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Local band The Aloha Club to play at Mesa Verde Luminaria

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Thursday, Nov. 23, 2017 5:12 AM
The Aloha Club

The Aloha Club plays to bring joy and sense of community to audiences.

The band will play a mix of Hawaiian and Christmas music at Mesa Verde National Park’s annual Luminaria Holiday Open House on Dec. 14 at 7 p.m.

Mesa Verde will be lighting luminarias, also known as farolitos, around the headquarters loop of the park.

Other acts at the event will be the Red Sky Drum Group, Southwest Singers, David Nighteagle playing Native American flute and Yvonne Bilinki performing Native American storytelling, according to Janice Buckreus, supervisory park ranger.

The Aloha Club was founded in 2015, after Beth Wheeler purchased a ukulele and found people in the Cortez area who also play and enjoy the instrument.

The band consists of four members – Beth Wheeler, Herb Folsom, Tom Kochanski and Sandy Hoagland – and has played at Cortez and Mancos farmers markets, Dolores River Festival, Escalante Days in Dolores, street fairs in Mancos, and the WildEdge and Mancos breweries.

The Aloha Club plays a variety of music, from the Beatles to traditional Hawaiian music.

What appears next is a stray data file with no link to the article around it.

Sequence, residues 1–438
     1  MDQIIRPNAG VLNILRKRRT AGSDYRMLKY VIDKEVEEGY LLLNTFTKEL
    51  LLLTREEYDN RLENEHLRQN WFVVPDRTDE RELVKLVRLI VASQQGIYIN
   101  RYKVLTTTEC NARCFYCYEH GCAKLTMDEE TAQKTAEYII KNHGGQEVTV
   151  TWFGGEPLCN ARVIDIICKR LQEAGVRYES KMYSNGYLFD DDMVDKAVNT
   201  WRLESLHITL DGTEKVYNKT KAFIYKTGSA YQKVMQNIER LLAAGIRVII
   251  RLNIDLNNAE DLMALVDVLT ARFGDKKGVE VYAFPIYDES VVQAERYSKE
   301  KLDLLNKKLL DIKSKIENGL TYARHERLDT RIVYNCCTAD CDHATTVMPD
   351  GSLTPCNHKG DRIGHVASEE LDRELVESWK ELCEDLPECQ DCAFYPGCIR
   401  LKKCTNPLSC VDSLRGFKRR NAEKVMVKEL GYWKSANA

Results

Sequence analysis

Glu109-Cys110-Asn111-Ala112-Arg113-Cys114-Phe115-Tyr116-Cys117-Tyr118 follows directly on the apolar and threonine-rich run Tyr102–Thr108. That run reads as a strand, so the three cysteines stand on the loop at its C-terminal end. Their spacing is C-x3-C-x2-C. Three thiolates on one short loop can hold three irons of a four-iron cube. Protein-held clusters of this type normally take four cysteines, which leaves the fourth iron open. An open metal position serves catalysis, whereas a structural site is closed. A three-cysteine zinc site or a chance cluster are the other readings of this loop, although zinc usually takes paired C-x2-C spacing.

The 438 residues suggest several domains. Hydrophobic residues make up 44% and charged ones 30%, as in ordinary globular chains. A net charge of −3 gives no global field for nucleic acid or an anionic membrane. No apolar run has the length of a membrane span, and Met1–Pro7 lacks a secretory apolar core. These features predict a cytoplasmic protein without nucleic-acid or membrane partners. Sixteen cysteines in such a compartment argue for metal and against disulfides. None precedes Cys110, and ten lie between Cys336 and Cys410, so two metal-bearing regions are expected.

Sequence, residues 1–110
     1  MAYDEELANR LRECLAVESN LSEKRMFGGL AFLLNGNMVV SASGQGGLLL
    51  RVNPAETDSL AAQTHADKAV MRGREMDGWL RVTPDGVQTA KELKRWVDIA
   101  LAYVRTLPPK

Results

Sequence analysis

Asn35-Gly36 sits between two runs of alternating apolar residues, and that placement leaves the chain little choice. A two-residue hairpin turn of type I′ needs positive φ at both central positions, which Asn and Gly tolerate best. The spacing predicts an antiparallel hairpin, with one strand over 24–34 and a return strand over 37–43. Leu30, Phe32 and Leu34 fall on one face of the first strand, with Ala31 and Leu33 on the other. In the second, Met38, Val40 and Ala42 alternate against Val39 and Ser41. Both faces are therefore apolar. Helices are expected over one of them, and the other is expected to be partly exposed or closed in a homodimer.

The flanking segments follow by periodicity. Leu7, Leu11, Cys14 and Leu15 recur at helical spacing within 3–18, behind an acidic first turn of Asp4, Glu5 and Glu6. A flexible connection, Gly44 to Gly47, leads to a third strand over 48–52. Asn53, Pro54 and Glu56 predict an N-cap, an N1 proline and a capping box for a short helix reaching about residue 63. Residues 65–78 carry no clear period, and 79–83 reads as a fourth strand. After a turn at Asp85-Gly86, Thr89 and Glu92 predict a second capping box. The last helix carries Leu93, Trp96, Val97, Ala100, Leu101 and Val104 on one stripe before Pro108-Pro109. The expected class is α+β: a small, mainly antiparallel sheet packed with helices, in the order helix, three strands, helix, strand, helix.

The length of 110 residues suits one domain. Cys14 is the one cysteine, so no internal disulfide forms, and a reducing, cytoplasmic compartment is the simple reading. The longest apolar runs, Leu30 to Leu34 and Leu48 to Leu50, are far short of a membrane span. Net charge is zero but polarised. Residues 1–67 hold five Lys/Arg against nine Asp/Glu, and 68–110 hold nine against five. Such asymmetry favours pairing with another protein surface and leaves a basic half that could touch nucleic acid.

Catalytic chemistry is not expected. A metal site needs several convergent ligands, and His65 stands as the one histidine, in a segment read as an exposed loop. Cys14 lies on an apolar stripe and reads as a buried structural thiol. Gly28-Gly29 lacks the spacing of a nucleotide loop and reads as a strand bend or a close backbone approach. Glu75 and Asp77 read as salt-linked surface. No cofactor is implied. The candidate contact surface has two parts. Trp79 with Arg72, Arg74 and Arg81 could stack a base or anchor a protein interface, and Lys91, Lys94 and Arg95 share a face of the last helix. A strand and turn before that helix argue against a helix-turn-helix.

“It is a blend of island music and acoustic rock and roll,” Folsom said. “There are three ukuleles and a guitar, a flute and a cajón.”

The band evolved out of a passion for music, according to Folsom.

“I think we bring a lot of aloha to the music, which is kindness and sincerity,” Folsom said. “It is a lot of things that underly our music, I think, generosity all these things that the Hawaiian culture embodies.”

The inspiration for the band came from a love of Hawaiian culture.

Wheeler and Folsom have friends who live in Kauai, Hawaii, and Kochansky has lived in Hawaii himself.

According to Wheeler and Folsom, Hawaii “gets in your blood.”

“I think people like hearing the Hawaiian music,” Wheeler said. “It is different. It is more of a variety, and I think people are surprised to hear what ukuleles can do. We surprise them with the variety.”

The band’s name was inspired by the familial component of traditional Hawaiian music.

“One of the reasons we call it “The Aloha Club” is because people who are in the same room, listening to our music and dancing and singing with us, we are all members of The Aloha Club,” Wheeler said. “I feel like it is kind of a circle where the people who are enjoying it are The Aloha Club too.”

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